Instead of saying, e.g. "Before the wedding, I spoke to the bride and groom", is there a single word meaning, "those to be married"?

I thought of "postulants", e.g. "Before the wedding, I spoke to the postulants."

From this dictionary however postulant does not have the right meaning.

Definition of postulant 1: a person admitted to a religious order as a probationary candidate for membership 2: a person on probation before being admitted as a candidate for holy orders in the Episcopal Church. [M-W]


Is there such a single word or must you always refer separately to "the bride and groom"?



4 Answers 4


'The espoused' refers to both persons who are engaged to be married.

Oxford English Dictionary :


1946 O. F. Grazebrook Nicanor of Athens xi. 159 Take your pleasure now, but know that I have espoused you to Chrysilla..and you will marry her.

(a) transitive. To give in marriage; to marry (a person to another, esp. a woman to a man; formerly also with †with); to arrange for (a person, esp. a woman, or a couple) to be married; to betroth.

(My additional note : Using the past participle with an article "the espoused" denotes those who are engaged and are pursuing the activity of espousal.)

Betrothal (also called espousal) is a formal state of engagement to be married.

Wikipedia - Engagement

  • 2
    "The Betrothed" is probably a good word. It's a good book too! Commented Jul 28, 2020 at 12:24
  • 3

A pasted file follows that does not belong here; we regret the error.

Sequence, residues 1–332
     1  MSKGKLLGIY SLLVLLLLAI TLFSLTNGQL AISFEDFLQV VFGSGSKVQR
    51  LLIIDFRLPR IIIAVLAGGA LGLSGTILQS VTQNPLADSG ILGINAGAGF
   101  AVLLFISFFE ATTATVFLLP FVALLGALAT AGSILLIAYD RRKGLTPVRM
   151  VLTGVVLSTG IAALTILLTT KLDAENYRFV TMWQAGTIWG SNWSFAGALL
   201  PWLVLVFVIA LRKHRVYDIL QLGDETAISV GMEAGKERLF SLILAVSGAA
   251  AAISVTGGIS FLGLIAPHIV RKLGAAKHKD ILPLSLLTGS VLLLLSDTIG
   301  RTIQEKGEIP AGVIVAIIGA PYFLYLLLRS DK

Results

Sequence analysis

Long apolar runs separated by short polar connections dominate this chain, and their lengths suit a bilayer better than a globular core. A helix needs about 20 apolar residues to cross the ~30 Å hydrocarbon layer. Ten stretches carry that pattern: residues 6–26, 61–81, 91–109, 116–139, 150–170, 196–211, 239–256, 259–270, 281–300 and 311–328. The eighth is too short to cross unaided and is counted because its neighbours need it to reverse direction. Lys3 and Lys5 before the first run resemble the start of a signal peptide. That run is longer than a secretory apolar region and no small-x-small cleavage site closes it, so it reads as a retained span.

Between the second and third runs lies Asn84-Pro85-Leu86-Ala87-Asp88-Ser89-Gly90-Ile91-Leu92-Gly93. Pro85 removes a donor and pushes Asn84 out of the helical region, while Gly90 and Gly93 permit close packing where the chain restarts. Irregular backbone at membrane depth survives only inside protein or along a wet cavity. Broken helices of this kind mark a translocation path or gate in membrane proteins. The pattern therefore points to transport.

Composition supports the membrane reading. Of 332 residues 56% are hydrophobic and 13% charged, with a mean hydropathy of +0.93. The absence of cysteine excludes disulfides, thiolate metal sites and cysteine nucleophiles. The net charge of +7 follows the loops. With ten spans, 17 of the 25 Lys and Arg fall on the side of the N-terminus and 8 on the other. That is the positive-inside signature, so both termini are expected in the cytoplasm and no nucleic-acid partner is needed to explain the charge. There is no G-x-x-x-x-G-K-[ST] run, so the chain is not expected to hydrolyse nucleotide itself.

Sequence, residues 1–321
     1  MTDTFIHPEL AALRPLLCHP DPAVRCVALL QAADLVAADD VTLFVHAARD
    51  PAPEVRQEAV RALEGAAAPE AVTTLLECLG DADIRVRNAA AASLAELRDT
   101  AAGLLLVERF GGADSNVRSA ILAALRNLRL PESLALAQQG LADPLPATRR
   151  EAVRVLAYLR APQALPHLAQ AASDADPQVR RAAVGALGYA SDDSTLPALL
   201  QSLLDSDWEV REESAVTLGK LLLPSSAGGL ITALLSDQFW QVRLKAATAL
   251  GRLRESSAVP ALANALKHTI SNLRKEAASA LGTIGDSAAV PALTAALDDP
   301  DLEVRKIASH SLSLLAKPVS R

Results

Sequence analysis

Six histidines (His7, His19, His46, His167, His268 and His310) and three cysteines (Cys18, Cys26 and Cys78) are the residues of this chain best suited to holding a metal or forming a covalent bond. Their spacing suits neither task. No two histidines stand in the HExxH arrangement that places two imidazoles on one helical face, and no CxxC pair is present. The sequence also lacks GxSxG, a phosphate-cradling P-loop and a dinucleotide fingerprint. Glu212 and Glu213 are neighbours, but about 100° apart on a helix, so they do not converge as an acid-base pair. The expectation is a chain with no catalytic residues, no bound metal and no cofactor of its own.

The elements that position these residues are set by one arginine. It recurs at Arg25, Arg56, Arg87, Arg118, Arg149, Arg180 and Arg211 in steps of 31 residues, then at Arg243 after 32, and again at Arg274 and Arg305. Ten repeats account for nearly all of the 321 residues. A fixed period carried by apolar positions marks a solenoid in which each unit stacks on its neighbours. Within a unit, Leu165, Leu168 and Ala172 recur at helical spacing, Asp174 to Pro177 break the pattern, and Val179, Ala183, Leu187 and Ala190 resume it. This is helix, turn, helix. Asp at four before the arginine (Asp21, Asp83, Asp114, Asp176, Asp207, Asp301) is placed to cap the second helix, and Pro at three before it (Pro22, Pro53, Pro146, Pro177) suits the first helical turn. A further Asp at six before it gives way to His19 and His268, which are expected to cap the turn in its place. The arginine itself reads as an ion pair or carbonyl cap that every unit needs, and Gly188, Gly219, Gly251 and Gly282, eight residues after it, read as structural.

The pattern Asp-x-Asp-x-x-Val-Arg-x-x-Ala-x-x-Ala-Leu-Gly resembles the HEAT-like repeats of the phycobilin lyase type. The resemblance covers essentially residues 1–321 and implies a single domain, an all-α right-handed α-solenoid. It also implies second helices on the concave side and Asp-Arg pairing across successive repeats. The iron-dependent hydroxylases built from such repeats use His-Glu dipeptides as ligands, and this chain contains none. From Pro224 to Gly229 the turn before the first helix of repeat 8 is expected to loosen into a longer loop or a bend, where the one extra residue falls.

Both are unusual but I think the betrothed more likely to recognized by a modern reader.
    – Mary
    Commented Jul 28, 2020 at 13:01

There is no single word that is really commonly used. Some might be accurate, but they are so uncommon as to sound strange to some people.

I would say the most accessible single word is betrothed:

: engaged to be married a betrothed couple
// … clasped hands, signifying the bond between betrothed men and women …
— Mary Feilden
// For three years she and Emilio Estevez were an item and were even betrothed for a time.
People Weekly

: the person to whom someone is engaged to be married
// … she put on her grey silk gown and her cherry coloured ribbon with as much care as if she had been herself the betrothed.
— George Eliot

Used as a noun, the betrothed can refer to a single such person, a couple, or multiple people.

In terms of commonality, Google Books Ngram Viewer shows that the betrothed is more common than the espoused, the affianced, or the postulants (and note that espouse also has the second sense of supporting a cause, meaning its engaged sense is even less common):

the betrothed, espoused, affianced, and postulants

Although the betrothed is arguably the most common and least esoteric of possible phrases with an article and a noun, I'd say it can't be as natural as just using the bride and groom in the first place (or the brides or the grooms in the case of same-sex marriages), or something like the happy couple where the context is known:

the betrothed, espoused, affianced, postulants, bride and groom, and happy couple


You can say "the bridal couple."

Ex. The bridal couple and their attendants all wear yellow ribbons today in remembrance of the groom's father.


If they're married, you could call them newlyweds.

Newlywed (noun): Someone who has recently married.

Example: The hotel has a special discount rate for newlyweds. [Cambridge English dictionary]

If they're not married yet, you could use affianced.

Affianced (adj): [literary] Engaged to be married.

Example: An affianced couple. [Lexico]

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